On the trail of the Texas Rangers Bicentennial at the annual Fort Worth Stock Show & Rodeo.
Written by Jenn Thornton
The sheriff’s back in town, folks. Actually, it’s the Rangers. The Texas Rangers. The nation’s oldest state law enforcement agency—one that actually predates the State of Texas by 13 years—has been laying down the law for two centuries. Tracing its roots to the Old West, this storied division of the Texas Department of Public Safety has some pretty big boots to fill, so they are kicking off their 200th bicentennial year at another Texas institution having a great ride, the Fort Worth Stock Show & Rodeo.
FWSSR is the ideal arena for the Texas Rangers to start to mark a year’s worth of planned events that will pay tribute to their legacy as they travel Texas with a four-pronged plan focused on educating the public on everything Rangers; recruitment; raising funds for DPS memorials, Ranger relief efforts, a scholarship fund for Ranger children going to college; and a mobile museum trailer.
The educational component of the bicentennial is, like Texas Rangers history, wide-ranging. Founded in 1823 with 10 men by the “Father of Texas” Stephen F. Austin, the Texas Rangers now counts 166 women and men spread across 254 counties among their ranks and is a leader in border security, tactical operations, and crisis negotiations while providing direct support and intelligence for many smaller local agencies. “The Lone Star State’s story cannot be recounted with accuracy absent the history of this group,” Russell Molina, chairman of Texas Rangers 2023, wrote in an op-ed for the Dallas Morning News. “Rangers were here during the Texas Revolution, when they protected retreating citizens and soldiers from Mexican advances until they could make their stand at San Jacinto. Rangers were here for the capture of outlaws like John Wesley Hardin and King Fisher, and the demise of Sam Bass, Bonnie Parker and Clyde Barrow.”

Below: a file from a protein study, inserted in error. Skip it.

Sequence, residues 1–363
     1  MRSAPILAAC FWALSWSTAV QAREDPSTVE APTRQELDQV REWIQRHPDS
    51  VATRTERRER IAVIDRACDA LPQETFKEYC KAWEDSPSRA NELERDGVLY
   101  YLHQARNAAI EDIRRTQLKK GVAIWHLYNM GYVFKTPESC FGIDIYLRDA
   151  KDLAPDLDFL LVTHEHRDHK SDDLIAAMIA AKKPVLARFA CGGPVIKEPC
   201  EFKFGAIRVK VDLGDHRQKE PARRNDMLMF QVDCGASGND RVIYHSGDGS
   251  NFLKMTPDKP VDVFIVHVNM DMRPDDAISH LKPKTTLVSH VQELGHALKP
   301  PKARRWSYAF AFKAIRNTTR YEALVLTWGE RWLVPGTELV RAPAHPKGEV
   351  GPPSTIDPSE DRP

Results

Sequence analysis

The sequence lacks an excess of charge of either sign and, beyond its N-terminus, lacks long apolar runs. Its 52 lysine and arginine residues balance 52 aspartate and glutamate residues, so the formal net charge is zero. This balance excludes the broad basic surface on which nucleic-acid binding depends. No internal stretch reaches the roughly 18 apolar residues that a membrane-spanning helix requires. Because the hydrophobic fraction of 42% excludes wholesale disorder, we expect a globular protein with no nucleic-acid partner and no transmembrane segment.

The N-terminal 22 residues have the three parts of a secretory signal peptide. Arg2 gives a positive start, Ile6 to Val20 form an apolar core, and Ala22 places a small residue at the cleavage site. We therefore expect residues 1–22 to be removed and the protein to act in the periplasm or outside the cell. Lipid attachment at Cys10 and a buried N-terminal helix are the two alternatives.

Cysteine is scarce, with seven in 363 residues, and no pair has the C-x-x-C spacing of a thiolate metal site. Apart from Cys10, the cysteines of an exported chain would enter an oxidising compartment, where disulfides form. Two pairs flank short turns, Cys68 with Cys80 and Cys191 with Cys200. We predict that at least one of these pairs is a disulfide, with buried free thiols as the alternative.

With 200 years to get a foothold in the public imagination, the legend surrounding the Texas Rangers has resulted in books, movies, music, and TV shows galore. “Hollywood has created a worldwide mystique for all things Texas, the Rangers most of all. . . there is an unending appetite for stories of these Texas lawmen,” Molina noted in his op-ed. Like, say, the fictional Capt. Jake Cutter, a Texas Ranger portrayed by John Wayne in 1961’s western “The Comancheros.”
Texas Rangers’ innovations are a close second to their exploits, which include a number of remarkable firsts. They were the first to use forensics in Texas in 1891, for one, and the first to conduct a car chase in 1910, when Ranger Ed Avriett seized a hand-cranked automobile to run down some robbers who made off with a horse-drawn buggy. They added aerial surveillance to their crime-fighting repertoire in the 1920s and, in the next decade, undercover female operatives—known as the “Petticoat Rangers”—to help gather evidence on gambling establishments around Texas.
“It is my hope that the Ranger bicentennial will inspire Texans to learn more about the Rangers, their whole history, and who they are today,” says Molina.
A feature of FWSSR’s entire Jan. 13-Feb. 4, 2023 run, Texas Rangers Bicentennial commemorations will take place in in the exhibit hall, show barns, and every night in Dickies Arena. Two important detours: the John Wayne: An American Experience exhibit at the historic Fort Worth Stockyards and the Texas Ranger Hall of Fame and Museum in nearby Waco.